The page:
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OTD 1961: Defense Dept. Spy Agency approves purchase of AR-15s for testing in Vietnam

On Dec. 4, 1961, the Defense Department’s Advanced Research Projects Agency approved the purchase of a thousand AR-15 rifles from Colt to test with South Vietnamese troops in combat. The shipment cost just under $367,000, including rifles, ammunition, and spare parts. The ARPA office in Saigon, Project AGILE, tested the weapons with South Vietnamese special forces battling Communist insurgents.

A top-secret report sent back to the Pentagon praised the gun’s performance and U.S. advisers also told her their superiors the gun performed well. One officer wrote, “Its killing power is terrific.” The field tests fueled interest in the gun from the John F. Kennedy administration as U.S. involvement in the Vietnam conflict was on the rise. The military version of the AR-15, named the M16, would become the key U.S. infantry rifle during the Vietnam War. The tests were another key moment in the strange history of the AR-15, from its creation in the 1950s by Eugene Stoner to its place today in the center of America's gun debate -- the most popular civilian rifle in America and the most despised. Read more in American Gun: The True Story of the AR-15.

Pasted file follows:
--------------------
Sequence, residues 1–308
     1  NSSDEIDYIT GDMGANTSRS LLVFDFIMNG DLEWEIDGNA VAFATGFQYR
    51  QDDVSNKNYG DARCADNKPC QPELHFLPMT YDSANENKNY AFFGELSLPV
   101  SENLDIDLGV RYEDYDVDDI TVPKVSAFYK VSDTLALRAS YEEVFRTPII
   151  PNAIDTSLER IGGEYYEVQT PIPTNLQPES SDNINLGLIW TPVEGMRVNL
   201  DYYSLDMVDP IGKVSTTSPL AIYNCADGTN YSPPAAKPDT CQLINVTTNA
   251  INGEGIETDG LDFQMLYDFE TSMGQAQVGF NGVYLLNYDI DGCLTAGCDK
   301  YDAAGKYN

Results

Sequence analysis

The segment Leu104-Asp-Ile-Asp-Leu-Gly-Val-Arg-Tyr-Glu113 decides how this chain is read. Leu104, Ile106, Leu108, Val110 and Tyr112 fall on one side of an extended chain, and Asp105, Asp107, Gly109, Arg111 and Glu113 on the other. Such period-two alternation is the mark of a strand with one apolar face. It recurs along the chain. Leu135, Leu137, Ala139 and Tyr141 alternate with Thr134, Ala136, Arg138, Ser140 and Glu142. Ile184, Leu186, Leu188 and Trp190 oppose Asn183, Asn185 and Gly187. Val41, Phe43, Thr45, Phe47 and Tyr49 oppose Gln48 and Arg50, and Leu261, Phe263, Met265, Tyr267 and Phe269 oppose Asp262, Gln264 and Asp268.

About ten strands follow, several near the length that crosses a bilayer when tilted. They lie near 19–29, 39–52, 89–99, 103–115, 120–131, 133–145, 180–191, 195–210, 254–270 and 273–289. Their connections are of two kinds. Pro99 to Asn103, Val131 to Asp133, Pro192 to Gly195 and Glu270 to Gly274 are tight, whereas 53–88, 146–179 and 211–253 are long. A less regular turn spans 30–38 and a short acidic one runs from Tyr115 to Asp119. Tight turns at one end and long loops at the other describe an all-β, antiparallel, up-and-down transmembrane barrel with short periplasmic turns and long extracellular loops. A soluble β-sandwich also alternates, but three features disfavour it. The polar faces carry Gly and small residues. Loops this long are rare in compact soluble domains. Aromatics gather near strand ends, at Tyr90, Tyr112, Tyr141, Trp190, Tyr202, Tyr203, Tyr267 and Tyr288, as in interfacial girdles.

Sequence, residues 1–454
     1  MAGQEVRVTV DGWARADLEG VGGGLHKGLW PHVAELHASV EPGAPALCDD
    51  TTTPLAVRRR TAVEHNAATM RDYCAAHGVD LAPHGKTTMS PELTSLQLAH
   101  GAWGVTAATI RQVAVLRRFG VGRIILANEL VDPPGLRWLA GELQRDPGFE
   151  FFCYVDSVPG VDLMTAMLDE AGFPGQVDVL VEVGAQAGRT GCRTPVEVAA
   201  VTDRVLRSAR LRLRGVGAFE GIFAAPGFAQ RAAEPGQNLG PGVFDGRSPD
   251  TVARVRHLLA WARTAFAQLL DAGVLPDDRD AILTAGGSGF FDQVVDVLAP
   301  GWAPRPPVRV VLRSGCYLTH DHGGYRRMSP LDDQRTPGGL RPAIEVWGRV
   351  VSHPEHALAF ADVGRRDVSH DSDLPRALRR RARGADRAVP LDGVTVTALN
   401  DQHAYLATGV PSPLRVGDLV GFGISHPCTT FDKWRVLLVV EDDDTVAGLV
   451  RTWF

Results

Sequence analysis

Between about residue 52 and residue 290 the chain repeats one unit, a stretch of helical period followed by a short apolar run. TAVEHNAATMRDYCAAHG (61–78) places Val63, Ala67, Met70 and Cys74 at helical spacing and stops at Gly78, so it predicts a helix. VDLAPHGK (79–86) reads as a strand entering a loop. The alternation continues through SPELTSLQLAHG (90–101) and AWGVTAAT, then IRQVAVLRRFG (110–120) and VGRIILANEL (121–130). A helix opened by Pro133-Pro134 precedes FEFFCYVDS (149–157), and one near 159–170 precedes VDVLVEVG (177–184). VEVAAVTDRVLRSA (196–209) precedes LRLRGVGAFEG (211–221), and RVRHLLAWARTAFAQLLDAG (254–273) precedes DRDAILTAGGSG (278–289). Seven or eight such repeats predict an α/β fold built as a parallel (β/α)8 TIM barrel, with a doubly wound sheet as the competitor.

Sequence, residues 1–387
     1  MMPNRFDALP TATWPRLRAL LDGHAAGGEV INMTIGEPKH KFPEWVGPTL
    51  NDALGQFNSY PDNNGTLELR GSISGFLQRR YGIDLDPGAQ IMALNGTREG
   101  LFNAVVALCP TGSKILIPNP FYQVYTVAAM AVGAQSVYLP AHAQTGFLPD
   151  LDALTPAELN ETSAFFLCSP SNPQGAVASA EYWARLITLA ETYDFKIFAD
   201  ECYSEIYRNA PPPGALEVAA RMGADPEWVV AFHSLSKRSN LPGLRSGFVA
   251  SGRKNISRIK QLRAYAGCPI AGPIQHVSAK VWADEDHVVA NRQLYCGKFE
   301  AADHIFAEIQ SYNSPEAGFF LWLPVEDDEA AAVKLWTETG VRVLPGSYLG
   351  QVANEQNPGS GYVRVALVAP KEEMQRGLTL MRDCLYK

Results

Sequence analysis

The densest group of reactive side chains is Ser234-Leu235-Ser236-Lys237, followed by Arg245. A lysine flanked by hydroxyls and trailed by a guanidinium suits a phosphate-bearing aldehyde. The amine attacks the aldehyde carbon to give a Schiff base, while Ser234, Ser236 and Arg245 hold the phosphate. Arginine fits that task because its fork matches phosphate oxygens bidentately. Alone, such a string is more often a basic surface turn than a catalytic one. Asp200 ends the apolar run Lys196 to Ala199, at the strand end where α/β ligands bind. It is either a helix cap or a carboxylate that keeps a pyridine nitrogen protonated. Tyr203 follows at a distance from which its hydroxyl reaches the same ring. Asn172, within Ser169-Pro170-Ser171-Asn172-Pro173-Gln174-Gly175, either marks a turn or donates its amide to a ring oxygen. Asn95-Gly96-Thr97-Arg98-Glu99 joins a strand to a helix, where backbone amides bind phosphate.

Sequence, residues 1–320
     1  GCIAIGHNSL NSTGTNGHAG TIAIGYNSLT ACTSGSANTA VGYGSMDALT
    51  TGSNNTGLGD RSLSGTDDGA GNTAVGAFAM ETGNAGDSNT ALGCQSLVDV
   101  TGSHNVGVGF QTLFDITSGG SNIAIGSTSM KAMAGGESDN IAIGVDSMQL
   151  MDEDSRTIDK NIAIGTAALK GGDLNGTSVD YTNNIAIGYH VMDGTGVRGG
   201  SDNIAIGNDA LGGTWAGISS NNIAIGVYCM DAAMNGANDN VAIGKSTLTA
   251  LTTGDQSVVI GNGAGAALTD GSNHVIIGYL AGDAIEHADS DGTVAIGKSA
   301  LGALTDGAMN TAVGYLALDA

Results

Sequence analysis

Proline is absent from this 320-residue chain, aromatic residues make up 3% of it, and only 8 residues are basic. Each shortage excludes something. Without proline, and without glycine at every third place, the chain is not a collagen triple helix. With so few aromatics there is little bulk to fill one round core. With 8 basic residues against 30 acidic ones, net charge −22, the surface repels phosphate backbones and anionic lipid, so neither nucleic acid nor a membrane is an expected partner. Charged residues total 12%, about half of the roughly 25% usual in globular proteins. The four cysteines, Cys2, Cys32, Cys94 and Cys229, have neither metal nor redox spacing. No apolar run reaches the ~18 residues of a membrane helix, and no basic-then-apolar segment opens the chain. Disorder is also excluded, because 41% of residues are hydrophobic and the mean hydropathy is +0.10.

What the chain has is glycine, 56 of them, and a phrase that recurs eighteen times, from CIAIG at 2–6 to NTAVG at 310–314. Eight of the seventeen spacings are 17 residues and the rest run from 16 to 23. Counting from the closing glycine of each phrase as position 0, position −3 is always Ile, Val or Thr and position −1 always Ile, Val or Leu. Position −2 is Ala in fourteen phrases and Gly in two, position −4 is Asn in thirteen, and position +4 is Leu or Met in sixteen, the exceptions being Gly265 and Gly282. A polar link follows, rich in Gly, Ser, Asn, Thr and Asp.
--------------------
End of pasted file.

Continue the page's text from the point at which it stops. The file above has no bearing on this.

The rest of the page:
Vietnam M16s American Gun The True Story of the AR-15 by Cameron McWhirter and Zusha Elinson


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